Register Forgot login?

© 2002-2019
Encyclopaedia Metallum

Best viewed
without Internet Explorer,
in 1280 x 960 resolution
or higher.

Privacy Policy

An arcane decree from the metal pulpit. - 91%

hells_unicorn, October 4th, 2015
Written based on this version: 1988, CD, Epic Records

The dividing line between a classic and a cult classic is often chalked up to a simple numbers game, but closer inspection tends to reveal an inherent natural commonality between most in the latter category contra-the former, provided that context is kept paramount. In the area of 1980s USPM, there is a longstanding tendency towards a certain aesthetic of darkness and melancholy that is perhaps best represented in the renowned early works of Queensryche, particularly the self-titled EP and The Warning, as well as the 80s output of Crimson Glory and middle of said decade fair of Fates Warning. These albums would most readily be dubbed cult classics by those outside of the core audience of heavy metal, but within a purely metal consumer audience, they fall into the non-cult category due to their wider reach compared to other acts that adopted a similar sound but were less prolific. Sanctuary was a band that fell into this same general stylistic mode, though they came to the scene a little bit later, but were generally less of a factor in defining said style and didn't make as immediate of a splash as some of the persons within their fold would in the 1990s under the new brand Nevermore.

Through Sanctuary's short run in the latter half of the 80s, they established their own little niche through a sense of stylistic exaggeration, one that is represented in its most concentrated form in their debut LP Refuge Denied. This over-the-top demeanor permeates every musical facet of every single song, presenting a sort of deeper and darker shadow of USPM, one that mixes the wildly exaggerated to the point of becoming supernal vocal style of Crimson Glory's Midnight with a punchy, occasionally quasi-thrashing riff assault that is tuneful enough to pass for early Queensryche, yet also heavy enough to pass for a Fates Warning and perhaps a Metal Church sound. The production sees a fair bit of a larger-than-life personality, perhaps informed by Dave Mustaine's input as producer, which explains the heavy emphasis on a percussive punch to the guitars that's a bit more meaty than typical to power metal, but it also brings about an exaggerated dichotomy between harder sections and softer acoustic fair, resulting in something with a greater degree of contrast than usual, to the point of being jarring.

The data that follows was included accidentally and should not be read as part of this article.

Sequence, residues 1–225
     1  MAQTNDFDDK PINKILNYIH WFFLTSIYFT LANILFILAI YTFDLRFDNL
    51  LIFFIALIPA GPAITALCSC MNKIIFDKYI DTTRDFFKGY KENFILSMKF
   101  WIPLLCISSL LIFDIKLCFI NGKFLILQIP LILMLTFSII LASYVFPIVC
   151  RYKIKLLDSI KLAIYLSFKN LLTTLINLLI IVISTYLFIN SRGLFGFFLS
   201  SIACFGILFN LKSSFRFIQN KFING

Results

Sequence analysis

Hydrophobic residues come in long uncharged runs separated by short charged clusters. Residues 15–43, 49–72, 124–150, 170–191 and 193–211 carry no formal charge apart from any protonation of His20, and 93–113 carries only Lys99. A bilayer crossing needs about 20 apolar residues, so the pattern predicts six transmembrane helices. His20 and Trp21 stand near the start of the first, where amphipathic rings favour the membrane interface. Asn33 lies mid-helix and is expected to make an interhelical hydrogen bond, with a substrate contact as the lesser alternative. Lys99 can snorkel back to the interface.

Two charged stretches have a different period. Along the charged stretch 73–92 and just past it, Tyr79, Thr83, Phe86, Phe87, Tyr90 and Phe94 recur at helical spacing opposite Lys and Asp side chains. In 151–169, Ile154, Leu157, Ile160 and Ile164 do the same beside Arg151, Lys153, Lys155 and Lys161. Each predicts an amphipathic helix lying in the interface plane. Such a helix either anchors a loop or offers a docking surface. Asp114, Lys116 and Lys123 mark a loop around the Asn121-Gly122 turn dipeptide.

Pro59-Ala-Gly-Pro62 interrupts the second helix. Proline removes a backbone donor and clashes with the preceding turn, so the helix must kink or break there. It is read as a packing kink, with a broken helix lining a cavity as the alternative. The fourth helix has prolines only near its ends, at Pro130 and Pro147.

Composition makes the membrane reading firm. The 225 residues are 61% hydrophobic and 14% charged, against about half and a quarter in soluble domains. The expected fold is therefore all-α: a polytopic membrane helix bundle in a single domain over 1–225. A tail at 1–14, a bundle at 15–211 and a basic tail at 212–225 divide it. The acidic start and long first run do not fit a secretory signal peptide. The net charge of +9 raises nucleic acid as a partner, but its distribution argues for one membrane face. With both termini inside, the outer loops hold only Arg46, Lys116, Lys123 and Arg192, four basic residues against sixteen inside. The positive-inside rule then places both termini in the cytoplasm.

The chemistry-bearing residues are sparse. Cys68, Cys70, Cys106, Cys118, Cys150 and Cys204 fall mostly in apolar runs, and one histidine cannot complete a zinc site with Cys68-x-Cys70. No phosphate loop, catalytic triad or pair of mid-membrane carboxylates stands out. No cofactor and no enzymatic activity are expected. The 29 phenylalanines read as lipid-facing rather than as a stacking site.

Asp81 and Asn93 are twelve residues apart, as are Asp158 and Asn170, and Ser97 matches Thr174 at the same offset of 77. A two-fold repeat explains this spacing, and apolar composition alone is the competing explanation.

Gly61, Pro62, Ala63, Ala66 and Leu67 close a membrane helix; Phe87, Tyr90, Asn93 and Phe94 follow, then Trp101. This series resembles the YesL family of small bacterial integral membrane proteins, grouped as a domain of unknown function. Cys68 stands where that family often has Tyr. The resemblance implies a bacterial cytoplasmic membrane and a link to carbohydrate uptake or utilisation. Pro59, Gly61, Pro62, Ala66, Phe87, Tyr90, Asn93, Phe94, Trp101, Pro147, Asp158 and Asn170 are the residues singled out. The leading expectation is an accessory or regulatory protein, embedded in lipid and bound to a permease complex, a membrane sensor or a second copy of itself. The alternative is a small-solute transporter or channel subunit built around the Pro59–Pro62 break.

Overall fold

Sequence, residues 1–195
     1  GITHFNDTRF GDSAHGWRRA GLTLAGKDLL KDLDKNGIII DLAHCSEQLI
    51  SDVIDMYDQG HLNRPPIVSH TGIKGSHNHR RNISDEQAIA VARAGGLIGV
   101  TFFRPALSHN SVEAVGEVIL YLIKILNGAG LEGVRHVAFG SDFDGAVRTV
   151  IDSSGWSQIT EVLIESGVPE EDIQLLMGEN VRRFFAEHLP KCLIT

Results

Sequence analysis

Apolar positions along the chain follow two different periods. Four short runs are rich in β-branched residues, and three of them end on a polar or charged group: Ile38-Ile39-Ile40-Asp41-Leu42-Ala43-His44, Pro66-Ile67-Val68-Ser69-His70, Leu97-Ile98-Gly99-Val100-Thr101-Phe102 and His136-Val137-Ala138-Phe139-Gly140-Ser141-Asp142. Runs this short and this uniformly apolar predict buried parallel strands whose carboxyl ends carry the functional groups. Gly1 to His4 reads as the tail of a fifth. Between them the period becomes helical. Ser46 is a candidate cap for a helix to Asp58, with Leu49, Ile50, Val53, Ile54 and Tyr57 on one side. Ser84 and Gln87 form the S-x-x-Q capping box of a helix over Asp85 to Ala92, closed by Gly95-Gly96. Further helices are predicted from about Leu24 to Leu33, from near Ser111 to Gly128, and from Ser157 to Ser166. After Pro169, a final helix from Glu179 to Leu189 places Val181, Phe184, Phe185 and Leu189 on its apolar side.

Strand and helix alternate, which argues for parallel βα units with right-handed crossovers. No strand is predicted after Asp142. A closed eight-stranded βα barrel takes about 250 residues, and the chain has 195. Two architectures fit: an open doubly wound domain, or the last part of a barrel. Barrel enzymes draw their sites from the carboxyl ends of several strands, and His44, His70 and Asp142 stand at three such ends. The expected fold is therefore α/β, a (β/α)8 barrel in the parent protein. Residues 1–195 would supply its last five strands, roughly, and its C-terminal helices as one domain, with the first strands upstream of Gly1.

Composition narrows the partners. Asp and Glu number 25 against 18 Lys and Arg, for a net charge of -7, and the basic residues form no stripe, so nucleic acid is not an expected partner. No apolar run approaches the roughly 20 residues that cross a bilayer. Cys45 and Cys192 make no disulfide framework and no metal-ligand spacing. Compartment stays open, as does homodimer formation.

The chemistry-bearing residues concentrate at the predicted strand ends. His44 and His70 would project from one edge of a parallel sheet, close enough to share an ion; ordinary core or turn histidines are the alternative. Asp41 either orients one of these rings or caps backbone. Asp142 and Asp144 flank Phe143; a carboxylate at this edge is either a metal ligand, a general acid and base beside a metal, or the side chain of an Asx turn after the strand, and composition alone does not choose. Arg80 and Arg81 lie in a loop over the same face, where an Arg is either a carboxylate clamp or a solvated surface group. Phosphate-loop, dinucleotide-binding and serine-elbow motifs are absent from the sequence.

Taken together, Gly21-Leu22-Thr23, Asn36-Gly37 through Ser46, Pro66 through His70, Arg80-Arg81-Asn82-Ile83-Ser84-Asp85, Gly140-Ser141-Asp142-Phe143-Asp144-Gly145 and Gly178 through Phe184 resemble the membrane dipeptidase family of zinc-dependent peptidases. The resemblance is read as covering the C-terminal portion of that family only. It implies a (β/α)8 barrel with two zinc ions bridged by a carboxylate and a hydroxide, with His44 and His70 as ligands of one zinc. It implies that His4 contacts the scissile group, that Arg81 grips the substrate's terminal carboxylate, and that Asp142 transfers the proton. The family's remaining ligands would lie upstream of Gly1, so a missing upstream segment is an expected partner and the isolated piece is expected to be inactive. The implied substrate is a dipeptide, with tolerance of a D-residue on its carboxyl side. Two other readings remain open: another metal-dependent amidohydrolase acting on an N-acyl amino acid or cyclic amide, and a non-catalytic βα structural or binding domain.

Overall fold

In retrospect, it's actually not terribly difficult to see where Nevermore's progressive characteristics came from given how freely structured and asymmetrical many of these songs come across. Even more straightforward songs like "Battle Angels" and "Ascension To Destiny" that ride on more of a mid-paced groove and avoid acoustic interludes or thrashing tempo shifts, come off more as free verse dictations with Warrel Dane telling a tale without a distinct verse and chorus distinction, and more often than not the songs will cadence on a rhythmic shift or a glass shattering scream. Truth be told, while there are some clear thrash metal elements in many of these songs, the general demeanor of this album leans a bit towards an earlier incarnation of the darker, heavier sound that Judas Priest would end up propagating on Painkiller, and it's perhaps at its most blatant on faster songs such as "The Third War" and "Die For My Sins". When coupled with an extremely wild lead guitar input that includes several solos by Mustaine itself, this is one of those albums that is fairly short and to the point, yet also the sort of listening experience that tends to take a lot of listens to fully sink in.

At the end of the day, Refuge Denied is one of those albums that is both typical to its time period, yet reflects the atypical and chaotic character of its type. It's all but impossible to miss all the common stylistic quirks that this shares with any number of recent contemporary works by a number of power and thrash metal acts, particularly between 1984 and 1986 when both styles were truly taking shape. But at the same time, there are a number of deviations that put it in its own territory and lend itself to a forward looking mentality that gives it some degree of affinity with later works out of Dane and Sheppard via Nevermore. This is underscored by the band's cover of Jefferson Airplane's "White Rabbit", which perfectly translates the bizarre psychedelic character of the original into the blacker and bleaker world of Sanctuary's aesthetic, while simultaneously avoiding the comic character of most contemporary thrash metal bands that were covering non-metal songs. It sees the world as a truly ugly place, and creates an alternative universe that's even more fatalistic to remove all doubt from the equation, though it isn't a complete paradox to enjoy this album while not sharing the same degree of cynicism.